The Roman Goddess Juno
The way of the Romans was to adopt various elements from other cultures and civilisations. This included the Roman religion which was highly influenced by the Ancient Greek religion and gave the Greek God names the equivalent Roman names. The Roman priests then adopted the mythology or stories about the Gods and Goddesses and evolved a Roman Gods Family tree detailing how each of the Roman Gods and Goddesses, like Juno, were related. Greek and Roman religion and mythology therefore become closely entwined.
Myths about the Roman Goddess Juno
Mythology surrounding Juno
The mythology and information about the Roman Goddess Juno
- Name: Juno
- A major deity and one of the 12 Olympian Gods
- Jurisdiction: She was described as being the Roman Goddess of Marriage and Childbirth
- Mythology: Mythical Family Tree or Relatives: Juno was believed to be the Queen of the Gods
- She was the sister and wife of Jupiter
- Her other brothers were Pluto and Neptune
- Her sisters were Vesta and Ceres
- Depiction / Description / Symbol: Her symbols include the peacock and the cow
- Capitoline Triad - The Capitoline Triad consisted of three major gods - Jupiter, Juno and Minerva. The most important temples in Rome were dedicated to the triad of gods and situated on the Capitoline Hill.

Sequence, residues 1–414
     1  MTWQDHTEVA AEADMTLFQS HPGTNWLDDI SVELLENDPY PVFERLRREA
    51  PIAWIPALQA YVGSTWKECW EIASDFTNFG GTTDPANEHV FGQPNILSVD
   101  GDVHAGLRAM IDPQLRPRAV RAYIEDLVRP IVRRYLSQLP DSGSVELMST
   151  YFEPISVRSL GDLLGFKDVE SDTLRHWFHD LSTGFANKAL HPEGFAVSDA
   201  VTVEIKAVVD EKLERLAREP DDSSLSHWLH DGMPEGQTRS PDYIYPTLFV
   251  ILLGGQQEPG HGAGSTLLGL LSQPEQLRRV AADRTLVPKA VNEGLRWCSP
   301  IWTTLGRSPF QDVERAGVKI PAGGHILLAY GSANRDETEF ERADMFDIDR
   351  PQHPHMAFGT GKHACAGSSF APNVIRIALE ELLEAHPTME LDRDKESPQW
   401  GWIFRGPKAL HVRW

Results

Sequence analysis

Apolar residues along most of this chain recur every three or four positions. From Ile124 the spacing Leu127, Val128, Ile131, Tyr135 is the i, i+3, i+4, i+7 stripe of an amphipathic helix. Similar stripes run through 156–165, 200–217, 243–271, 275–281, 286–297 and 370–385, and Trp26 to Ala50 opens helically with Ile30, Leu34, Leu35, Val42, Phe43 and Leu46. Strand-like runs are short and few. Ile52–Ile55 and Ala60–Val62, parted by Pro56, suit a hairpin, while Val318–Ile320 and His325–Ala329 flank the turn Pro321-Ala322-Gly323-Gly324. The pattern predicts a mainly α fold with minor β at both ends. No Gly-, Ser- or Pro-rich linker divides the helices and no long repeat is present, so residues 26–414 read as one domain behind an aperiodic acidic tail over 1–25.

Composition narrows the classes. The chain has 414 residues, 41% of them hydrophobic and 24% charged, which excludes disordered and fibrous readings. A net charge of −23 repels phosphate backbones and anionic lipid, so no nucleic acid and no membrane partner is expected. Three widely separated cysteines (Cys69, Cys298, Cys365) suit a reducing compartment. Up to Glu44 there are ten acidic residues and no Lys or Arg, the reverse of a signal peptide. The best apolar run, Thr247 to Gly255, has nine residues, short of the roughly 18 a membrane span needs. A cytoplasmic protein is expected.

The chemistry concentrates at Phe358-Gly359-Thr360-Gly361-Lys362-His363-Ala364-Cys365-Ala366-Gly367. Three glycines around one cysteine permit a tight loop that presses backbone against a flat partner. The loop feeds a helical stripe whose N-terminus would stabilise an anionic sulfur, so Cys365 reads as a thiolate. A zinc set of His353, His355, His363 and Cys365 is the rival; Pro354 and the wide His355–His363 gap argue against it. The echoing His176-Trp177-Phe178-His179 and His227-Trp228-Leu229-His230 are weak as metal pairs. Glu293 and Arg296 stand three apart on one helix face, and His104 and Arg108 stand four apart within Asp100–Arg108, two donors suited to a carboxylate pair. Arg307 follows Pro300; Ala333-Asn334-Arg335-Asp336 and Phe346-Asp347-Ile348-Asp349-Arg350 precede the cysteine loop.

- Name of equivalent Greek Goddess: Hera
Roman Mythology and Information about Juno
Juno was the counterpart of Jupiter who was both her brother and her husband. As Jupiter was King of the gods Juno was the Queen of the Roman Gods and the moon goddess. White cows were her offerings as white steers were his. As the Ides are sacred to Jupiter, the Calends to Juno. She was the deity of women, especially in association with childbirth and marriage. Her festival was on the 1st of March when women held a festival in her honor called the Matronalia. She also had a war-like persona and was often depicted as armed and wearing a goatskin cloak which was the garment favored by Roman soldiers on campaign.
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